The time has come in your life for that major renovation or perhaps finally building your dream home. In the recent past, the design process between client and architect was somewhat faith based that the final outcome would really capture intentions. The world has changed for the better for home owners and architects in accomplishing this mission. To read the entire story click and visit www.DAJDesign.com or call Andy directly at 303.527.1100.
Written By Anne Marie Ashley
When interior designer Steven Rasnick and his partner moved to Charlotte from San Francisco, he suspected they’d end up in a modern Uptown apartment in the heart of the city.
What they discovered, as many do when they move to the South, is that the charm some of Charlotte’s neighborhoods provide can be irresistible. Finding minimalist style in an old charming area however, can present a challenge.
Thankfully, the couple found the perfect Georgian style home in Myers Park that just begged for Rasnick’s creative eye and the result is nothing short of an impeccable use of minimalist style. We just had to explore this house, and this designer, further.
UH: You come from progressive San Francisco – what drew you to this traditional home and neighborhood in Charlotte?
Homeowners: Originally, we thought about a center city apartment close to work, but nothing was meeting our needs in a home. We fell in love with Myers Park – great location, enchanting streets, beautifully maintained yards and homes, and its magnificent tree canopy. We wanted an older home with character that we could renovate.
UH: Tell us about your San Francisco (SF) residence and how it influenced the design of your home in Charlotte.
Homeowners: Our home in SF was a large urban industrial loft with 20-foot ceilings. We loved our wide-open floor plan and wanted to create that same sense of openness in our Charlotte home.
UH: What did the house look like when you found it?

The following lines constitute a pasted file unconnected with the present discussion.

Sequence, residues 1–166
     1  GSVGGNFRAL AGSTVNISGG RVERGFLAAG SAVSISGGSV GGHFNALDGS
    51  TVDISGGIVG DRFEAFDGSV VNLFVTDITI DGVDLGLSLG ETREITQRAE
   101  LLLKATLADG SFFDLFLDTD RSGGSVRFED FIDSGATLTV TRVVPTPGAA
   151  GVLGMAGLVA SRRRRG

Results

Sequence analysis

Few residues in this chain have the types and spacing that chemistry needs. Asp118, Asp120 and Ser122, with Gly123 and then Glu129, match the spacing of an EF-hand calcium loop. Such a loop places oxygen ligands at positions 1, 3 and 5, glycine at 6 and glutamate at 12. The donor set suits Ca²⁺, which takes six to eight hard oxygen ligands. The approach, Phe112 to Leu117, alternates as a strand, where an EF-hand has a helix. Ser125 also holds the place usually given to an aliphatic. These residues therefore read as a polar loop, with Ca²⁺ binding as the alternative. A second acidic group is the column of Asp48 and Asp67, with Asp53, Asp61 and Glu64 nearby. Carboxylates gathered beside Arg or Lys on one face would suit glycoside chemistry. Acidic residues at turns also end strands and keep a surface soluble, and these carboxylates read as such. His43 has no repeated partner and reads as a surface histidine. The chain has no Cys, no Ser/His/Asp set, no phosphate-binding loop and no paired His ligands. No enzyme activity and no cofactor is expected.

Homeowners: The house was really lovely; great curb appeal with perfect proportions typical of 1920s Georgian architecture. It was simple, symmetrical and unadorned with all brick construction, a screened porch and the original detached two-car garage. Interiors were period appropriate with intimate rooms, great moldings and
UH: Tells us about the renovation process.
Homeowners: We knew we wanted to open up the downstairs and fortunately there were no structural barriers to prevent that. We widened and heightened all existing doorways to give a more soaring quality to all the rooms. We converted the side porch to a sunroom, took out a full bath off the family room and added a wall of French doors that opened onto a new colonnaded back porch. We added a mudroom off of the new kitchen and created a powder room under the staircase by combining a closet with the back of the butler’s pantry. We also added a second master suite.
UH: How long did the remodel take place?
Homeowners: It took just over a year to complete and we couldn’t live in it for the first 10 months. We replaced all the wood floors on the first floor, built interior closet systems and reconfigured the center hall staircase. We balanced and re-hung all the old doors and replaced all the brass hardware.
UH: How do you create minimalist style without the house looking cold?
Homeowners: Most of our furniture and lighting is contemporary and the minimal styling of it is a perfect counterweight to the more substantial period details of the house – tall baseboards, crown moldings, panel doors and ornate staircase accents. Warmth is added with rich stained floors, vibrant art and textured rugs.
UH: How have you used art to decorate?
Homeowners: All the art is original. For us, art is a preeminent consideration when looking for a new home. I think art is what anchors your home – no matter where you move to – it remains the one true constant. It makes your house comfortable in the most important way.
Homeowners:Tell us about the master bath.
UH: We designed the new master suite at the top of the stairs around a double-sided gas fireplace. The fireplace was built in Canada and is distinguished by a 36-inch narrow ribbon of fire. I wanted to enjoy the fire both from the bathroom and the bedroom, so I designed a deep, Japanese soaking tub with a wide deck and angled back for comfort that faces the fireplace cabinet. I also designed the bedroomside maple fireplace cabinet.
UH: What are your favorite local design resources?
Homeowners: My local go-to stores are places like Mrs. Howard, Luxe, BD Jeffries, Metro, Design Within Reach, Stark Carpet, Cotswold Marketplace and the DOMA Gallery.
Charlotte April/May 2012 Issue: Now Available
Home Showcase: Minimalism Finds Home in the South
The Alternative Gardner
Romancing the Bedroom
Beyond the Back Porch
Why Hire A Landscape Architect
Why This Room Works
Day-tripping: Asheville, NC
Style: Equal Parts Style & Comfort
Visit our Website to view articles or find out where to pick up your copy of Urban Home Magazine: Urban Home Magazine Website
We are so exited to share the full spread of this AMAZING feature home for the February 2012 issue. But first – here is just a sneek peek.